Examples of Duties: Assess and treat inmate health problems under direction of jail physician, jail dentist and independently up
to limits of licensure. This includes injuries, illnesses and chronic health problems including medical, dental and mental health
conditions. Assist the physician during clinical visits. Administer medications; obtain blood and other laboratory specimens.
Develop and maintain inmate medical records. Instruct staff and inmates regarding health care and infection control. Performs
other duties as required. May be rotating shifts.
Requirements of Work: The jail nurse works within the criminal justice system and the correctional setting to provide
appropriate health care to pre and post-trial detainees. Must have strong assessment skills and the ability to initiate treatment,
often in a setting where no other health care providers are present. Good communication skills are required. Good judgment is a
must. Must be able to work without prejudice. Must be able to respond appropriately to manipulative behavior and to remain
calm and effective under pressure. Physical requirements include: ability to traverse stairs, push a medication cart, move an
adult human body, perform CPR and be mobile for a full work day.
MANAGEMENT, BEHAVIORAL HEALTHCARE. Executive Director at rural Community MH & CD Outpatient Center in
northeast Washington State. Prefer Masters in social/behavioral sciences with 3 yrs. management experience or Bachelors in
related field with 5 years experience in behavioral healthcare management. 2 offices, 57 staff, $3.3 million annual budget;
County pop. 40K; Salary $52–$58.6K DOE + benefits. Stevens County Counseling, Colville, WA, 1-866-708-4597 (WA. toll
free) or (509) 684-4597, Fax (509) 684-5286, e-mail: email@example.com; area info. at www.colville.com or
www.co.stevens.wa.us, deadline 3/31/02; position open 7/1/02.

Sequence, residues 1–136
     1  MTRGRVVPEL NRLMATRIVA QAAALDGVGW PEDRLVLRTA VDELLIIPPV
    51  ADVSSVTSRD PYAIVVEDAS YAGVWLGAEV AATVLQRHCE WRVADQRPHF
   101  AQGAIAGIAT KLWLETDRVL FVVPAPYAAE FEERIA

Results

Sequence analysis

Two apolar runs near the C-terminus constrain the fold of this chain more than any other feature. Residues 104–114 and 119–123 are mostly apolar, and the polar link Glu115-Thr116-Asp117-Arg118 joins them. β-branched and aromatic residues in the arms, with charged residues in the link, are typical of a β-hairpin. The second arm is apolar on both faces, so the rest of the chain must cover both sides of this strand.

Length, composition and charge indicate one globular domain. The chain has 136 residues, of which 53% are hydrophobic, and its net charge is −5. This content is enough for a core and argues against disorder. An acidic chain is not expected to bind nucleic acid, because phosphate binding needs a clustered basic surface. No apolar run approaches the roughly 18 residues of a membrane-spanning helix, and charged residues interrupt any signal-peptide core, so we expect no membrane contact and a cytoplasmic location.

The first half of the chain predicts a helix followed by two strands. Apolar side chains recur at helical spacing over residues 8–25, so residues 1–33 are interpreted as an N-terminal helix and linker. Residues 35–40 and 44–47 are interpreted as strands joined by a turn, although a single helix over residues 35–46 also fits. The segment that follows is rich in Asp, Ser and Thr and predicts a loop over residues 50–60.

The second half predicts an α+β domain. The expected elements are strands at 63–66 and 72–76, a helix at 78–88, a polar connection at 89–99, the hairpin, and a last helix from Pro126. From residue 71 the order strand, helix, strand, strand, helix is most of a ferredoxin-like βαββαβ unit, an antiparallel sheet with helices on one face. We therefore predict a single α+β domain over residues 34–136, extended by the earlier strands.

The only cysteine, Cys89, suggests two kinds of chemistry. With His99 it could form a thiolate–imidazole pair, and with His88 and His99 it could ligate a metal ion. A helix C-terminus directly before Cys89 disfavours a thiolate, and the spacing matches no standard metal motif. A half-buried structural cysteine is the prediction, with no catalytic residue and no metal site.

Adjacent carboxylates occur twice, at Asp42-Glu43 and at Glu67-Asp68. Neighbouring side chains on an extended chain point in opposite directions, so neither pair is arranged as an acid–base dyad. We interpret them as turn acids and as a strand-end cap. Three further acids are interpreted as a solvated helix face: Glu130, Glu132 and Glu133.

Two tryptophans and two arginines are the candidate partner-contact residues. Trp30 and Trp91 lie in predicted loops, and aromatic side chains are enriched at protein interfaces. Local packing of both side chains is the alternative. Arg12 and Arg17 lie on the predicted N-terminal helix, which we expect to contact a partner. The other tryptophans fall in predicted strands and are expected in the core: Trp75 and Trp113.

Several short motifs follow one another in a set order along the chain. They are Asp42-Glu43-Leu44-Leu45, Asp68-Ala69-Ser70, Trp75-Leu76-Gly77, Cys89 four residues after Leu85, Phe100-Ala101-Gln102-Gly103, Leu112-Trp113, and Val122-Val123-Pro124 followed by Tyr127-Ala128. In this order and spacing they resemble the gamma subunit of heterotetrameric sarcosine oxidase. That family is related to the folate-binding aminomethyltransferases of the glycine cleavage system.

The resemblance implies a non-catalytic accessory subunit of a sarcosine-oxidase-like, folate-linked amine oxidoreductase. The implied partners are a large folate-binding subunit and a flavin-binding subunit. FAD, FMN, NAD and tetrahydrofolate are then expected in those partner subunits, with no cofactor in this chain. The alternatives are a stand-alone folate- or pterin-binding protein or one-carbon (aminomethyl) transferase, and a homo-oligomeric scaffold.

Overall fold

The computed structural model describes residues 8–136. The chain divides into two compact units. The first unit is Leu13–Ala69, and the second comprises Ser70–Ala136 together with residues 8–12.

COWLITZ COUNTY DIRECTOR OF HEALTH & HUMAN SERVICES, salary: $6,056 including full benefits. This
position directs and oversees the planning and administrative functions of the Health and Human Services departments pertaining
to mental health, substance abuse, developmental disabilities programs, public health policy development, surveillance and
compliance enforcement efforts. It supervises managers and other staff to carry the goals and objectives of each department and
ensures the efficient administration of each department. It researches, develops and implements services and strategies to ensure
compliance with laws, regulations and contractual obligations, and fosters constructive partnerships to achieve effective planning
and implementation of each department’s goals, strategies and programs. Requirements: Bachelor’s degree in Social Science,
Public Health, Public Administration, or a related field; a master’s degree is desired. 7 years of experience in human services
and/or public health administration, which must include budget administration, developing and managing human services and/or
public health services, public speaking, grant writing and administration, and full supervisory responsibilities. Or, a combination
of education, experience, and skills that would ensure the successful performance of the duties of this position. Possess, develop
and maintain a comprehensive knowledge of the laws, regulations and program trends pertaining to human services and public
health. Possess and maintain a valid driver’s license. Application Information: The application, job announcement and job